SpaceX Launches Global Internet: Will This Be The End Of Local Internet?

In this handout provided by the National Aeronautics and Space Administration (NASA), landed SpaceX rockets sit in Launch Complex 39 at the Kennedy Space Center on May 14, 2016 in Cape Canaveral, Florida. Photo : Photo by NASA via Getty Images

Deny it or not, it is a fact that the Internet is an irreplaceable tool in our lives. For most people, not being able to use the Internet for a day is a nightmare, especially when your livelihood or career depends on it. This is why tech companies such Elon Musk's SpaceX has been working on global internet access.

SpaceX's Worldwide Wi-Fi

According to a written article at BBC, private rocket firm SpaceX has applied for government permission to launch satellites that will provide global broadband internet access. In a filing to the US FFC (Federal Communications System), the company has laid out its plans for a 4,425-strong satellite network that will be launched. Currently, the SpaceX company rocket launches have been on hold since last September after an accident of destroying a $62 million Falcon 9 booster and a $200 million Israeli communication satellite. About when will the firm be able to launch these satellites, is yet to be confirmed by the authorities.

Once the SpaceX satellites will be fully deployed, it will pass over all parts of the Earth's surface. The satellites are said to orbit Earth at altitudes ranging from 714 to 823 miles (1,150 and 1,325 km) which are above the International Space Station, but below geostationary satellites. Each satellite is about the same size of an average car (not including its solar panels) and weighs 850 pounds (386 kg)

However, according to a Science correspondent, Jonathan Amos, SpaceX has allegedly given a "technical glimpse" of its proposal. In his report, there are 4,425 satellites (plus spares) and operating in orbital planes at altitudes ranging from 689 miles to 823 miles (1,110 km to 1,325 km). About how fast the internet connection speed will be, there is no solid information about it, but rumors say that it will be 200 times slower based on the global average internet speed of 2015, which is 5.1 Mbps. About its price for subscribing to this global Wi-Fi, it is also yet to be confirmed.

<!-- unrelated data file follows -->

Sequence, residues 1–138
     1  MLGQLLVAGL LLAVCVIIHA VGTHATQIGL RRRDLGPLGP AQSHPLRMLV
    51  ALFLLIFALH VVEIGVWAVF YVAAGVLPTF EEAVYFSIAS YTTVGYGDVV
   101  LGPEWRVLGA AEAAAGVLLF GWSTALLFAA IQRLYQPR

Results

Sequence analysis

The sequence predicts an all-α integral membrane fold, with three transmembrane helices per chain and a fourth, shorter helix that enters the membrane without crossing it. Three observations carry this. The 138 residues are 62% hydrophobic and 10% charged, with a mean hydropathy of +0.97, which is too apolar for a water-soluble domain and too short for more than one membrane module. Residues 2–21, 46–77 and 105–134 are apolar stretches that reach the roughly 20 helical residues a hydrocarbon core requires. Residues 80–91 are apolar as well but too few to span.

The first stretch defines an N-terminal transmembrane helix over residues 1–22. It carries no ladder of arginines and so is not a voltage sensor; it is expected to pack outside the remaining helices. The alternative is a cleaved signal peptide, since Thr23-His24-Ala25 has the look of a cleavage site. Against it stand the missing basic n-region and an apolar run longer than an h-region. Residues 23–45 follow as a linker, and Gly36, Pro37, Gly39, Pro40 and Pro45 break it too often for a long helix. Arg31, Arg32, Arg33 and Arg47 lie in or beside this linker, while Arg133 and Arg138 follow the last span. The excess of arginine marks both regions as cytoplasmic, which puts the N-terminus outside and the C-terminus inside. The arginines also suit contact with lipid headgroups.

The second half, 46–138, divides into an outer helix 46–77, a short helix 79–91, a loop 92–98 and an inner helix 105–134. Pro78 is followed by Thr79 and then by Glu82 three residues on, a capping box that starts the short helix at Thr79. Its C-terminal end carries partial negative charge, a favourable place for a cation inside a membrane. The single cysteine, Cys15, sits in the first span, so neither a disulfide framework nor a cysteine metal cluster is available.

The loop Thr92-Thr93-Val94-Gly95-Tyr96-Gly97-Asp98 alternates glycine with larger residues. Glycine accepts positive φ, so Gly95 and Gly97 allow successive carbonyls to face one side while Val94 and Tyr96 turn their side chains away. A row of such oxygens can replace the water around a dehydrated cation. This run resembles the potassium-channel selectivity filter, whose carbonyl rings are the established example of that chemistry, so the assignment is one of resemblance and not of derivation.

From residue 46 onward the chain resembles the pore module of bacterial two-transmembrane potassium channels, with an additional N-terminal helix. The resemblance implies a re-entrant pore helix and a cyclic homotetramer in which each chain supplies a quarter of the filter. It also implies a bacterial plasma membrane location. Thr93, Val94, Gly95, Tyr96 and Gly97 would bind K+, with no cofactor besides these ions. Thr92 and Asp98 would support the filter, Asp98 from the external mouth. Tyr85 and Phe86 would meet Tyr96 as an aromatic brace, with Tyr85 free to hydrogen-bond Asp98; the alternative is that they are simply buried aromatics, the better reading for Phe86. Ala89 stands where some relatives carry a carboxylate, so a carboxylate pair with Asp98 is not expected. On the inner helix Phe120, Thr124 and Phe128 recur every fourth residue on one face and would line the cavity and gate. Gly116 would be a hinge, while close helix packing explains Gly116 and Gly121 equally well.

The End of Local Internet?

For the SpaceX, it is understood that the company has some prototype satellites to launch next year, but the actual constellation or full implementation of this proposal will not see the light of day until the turn of the decade. However, if FFC will grant permission and the company being able to launch its prototypes before the end of the year, we will only have a glimpse of the future of global internet access would feel like. And as for the local internet, it will not yet be obsolete.

Other Companies Pitching In This Market

SpaceX is not the only company investing in this very expensive project (it is reported that SpaceX has spent around $10 billion or more). Some companies like Telesat, Boeing, and MDIF (Media Development Investment Fund). With the MDIF, the project name for their global internet access was Outernet. The project's proposal was to launch hundreds of low-cost miniature satellites known as CubeSats that will give free internet to the masses, but will only allow the user to view certain sites - 21st Century Wire.

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